Bill that will end I-77 toll project in North Carolina advances

By Tyson Fisher, Land Line staff writer | 6/2/2016

Three months after Gov. Pat McCrory directed the North Carolina Department of Transportation to review the Interstate 77 toll project amid controversy with the contractor, a bill that will end the controversial project with infrastructure developer Cintra has passed the state House. 

Introduced by Rep. Charles Jeter, R-Huntersville, House Bill 954 directs NCDOT to terminate the agreement with Cintra for the I-77 HOT lanes project in Mecklenburg and Iredell counties. The bill also sets aside a reserve account for any payment that may arise from reneging on the contract. 

HB954 made it through the House Transportation Committee and the Appropriations committee on Wednesday, June 1. The bill was sent to the House floor on Thursday, June 2, where it passed a second and third reading, sending it to the Senate. The House passed the bill with an 80-28 vote. 

A total of eight projects will be suspended if the bill is signed into law. After litigation stemming from the canceled agreement with Cintra or 10 years after the bill is signed, whichever comes first, any money remaining in the reserve account will go toward funding the suspended projects. Those projects include:

  • I-77/Gilead Road interchange
  • I-77/NC-73 interchange
  • Five projects to widen NC-73
  • Project widening US-21
  • US-21/Gilead Road interchange
  • Project widening NC-115
  • Hambright Road improvements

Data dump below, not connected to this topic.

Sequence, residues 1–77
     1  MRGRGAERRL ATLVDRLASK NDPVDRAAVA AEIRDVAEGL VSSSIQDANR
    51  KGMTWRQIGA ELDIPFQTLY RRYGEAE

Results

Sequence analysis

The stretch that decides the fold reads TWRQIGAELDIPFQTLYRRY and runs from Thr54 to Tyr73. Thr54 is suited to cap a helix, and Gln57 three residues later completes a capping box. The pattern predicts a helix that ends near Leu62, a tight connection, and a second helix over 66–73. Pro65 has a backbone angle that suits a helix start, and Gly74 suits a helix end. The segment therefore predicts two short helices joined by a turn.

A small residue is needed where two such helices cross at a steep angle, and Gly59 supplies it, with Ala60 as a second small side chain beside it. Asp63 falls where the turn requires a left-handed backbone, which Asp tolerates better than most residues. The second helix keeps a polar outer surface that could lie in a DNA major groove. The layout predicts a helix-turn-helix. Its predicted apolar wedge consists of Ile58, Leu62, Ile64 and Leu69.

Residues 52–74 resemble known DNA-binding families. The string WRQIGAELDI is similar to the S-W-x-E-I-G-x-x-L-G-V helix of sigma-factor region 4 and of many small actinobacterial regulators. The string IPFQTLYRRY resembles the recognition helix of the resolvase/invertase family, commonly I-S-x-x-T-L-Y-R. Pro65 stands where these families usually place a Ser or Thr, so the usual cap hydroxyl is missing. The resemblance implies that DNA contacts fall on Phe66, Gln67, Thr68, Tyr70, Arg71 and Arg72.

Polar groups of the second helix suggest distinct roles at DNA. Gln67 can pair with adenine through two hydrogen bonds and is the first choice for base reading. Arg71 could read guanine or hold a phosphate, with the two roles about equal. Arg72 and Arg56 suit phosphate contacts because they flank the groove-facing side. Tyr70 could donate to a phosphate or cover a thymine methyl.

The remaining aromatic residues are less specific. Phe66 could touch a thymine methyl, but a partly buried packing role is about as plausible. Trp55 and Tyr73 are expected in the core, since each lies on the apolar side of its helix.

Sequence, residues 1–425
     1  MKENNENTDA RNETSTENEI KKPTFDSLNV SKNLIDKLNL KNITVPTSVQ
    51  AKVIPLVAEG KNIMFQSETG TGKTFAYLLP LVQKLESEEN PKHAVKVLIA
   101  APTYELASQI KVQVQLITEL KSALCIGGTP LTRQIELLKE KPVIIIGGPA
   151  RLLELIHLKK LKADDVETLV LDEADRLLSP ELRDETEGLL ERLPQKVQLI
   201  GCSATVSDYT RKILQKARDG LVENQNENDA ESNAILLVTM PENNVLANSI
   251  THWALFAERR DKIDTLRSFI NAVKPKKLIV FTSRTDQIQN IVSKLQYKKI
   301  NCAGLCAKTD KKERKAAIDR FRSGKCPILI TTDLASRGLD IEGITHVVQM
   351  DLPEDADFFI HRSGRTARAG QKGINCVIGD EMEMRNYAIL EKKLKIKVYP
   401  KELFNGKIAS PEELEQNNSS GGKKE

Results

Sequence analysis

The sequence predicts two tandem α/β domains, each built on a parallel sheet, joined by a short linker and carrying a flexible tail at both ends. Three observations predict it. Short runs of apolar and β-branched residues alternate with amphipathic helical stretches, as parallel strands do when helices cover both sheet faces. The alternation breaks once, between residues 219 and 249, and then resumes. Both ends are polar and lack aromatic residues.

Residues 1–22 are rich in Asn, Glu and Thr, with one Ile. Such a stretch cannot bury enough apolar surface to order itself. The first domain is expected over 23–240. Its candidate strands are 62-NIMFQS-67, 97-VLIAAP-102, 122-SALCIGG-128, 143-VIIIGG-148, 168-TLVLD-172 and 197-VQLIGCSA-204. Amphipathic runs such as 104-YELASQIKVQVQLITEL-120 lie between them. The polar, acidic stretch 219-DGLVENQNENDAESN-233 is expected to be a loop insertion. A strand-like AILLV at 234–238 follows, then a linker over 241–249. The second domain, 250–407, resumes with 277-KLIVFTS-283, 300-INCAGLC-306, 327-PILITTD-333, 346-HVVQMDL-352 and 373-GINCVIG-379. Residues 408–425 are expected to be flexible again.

• Lakeview Road improvements

Some of those projects are part of the I-77 toll project and will not be needed if the project is canceled.

In March, Spanish-owned Cintra filed for bankruptcy because of outstanding debt on loans for the SH 130 toll road in Texas. Shortly after, Gov. McCrory directed North Carolina Secretary of Transportation Nick Tennyson to schedule a meeting with the Texas Department of Transportation to gather information about the bankruptcy. Tennyson said the Cintra situation in Texas was irrelevant to the I-77 contract. 

“There is nothing about an independent project or an independent entity having financial trouble that affects our contract,” Tennyson told reporters at a regional summit on transportation infrastructure in March. 

Widen 77, an advocacy group against the toll project, posted the following on its website shortly after HB954 passed both committees: 

“It’s almost impossible to understate the importance of the various grassroots efforts to this success. In both committees, Transportation Secretary Nick Tennyson and NCDOT Chairman Ned Curran embarked on a Parade of Horribles about what would happen if the bill passes. These are the two biggest hammers the pro-toll forces could use, and they seemed unfettered by the truth. Curran threw out an unsubstantiated number of half a billion dollars that would be ‘taken from the people.’ Tennyson said there were only ‘alleged’ flaws in the contract, ignoring the fact that it has been amended five times in Cintra’s favor. 

“Arrayed against this were our Representatives Charles Jeter and John Bradford, who both argued passionately (and respectfully) against them.”

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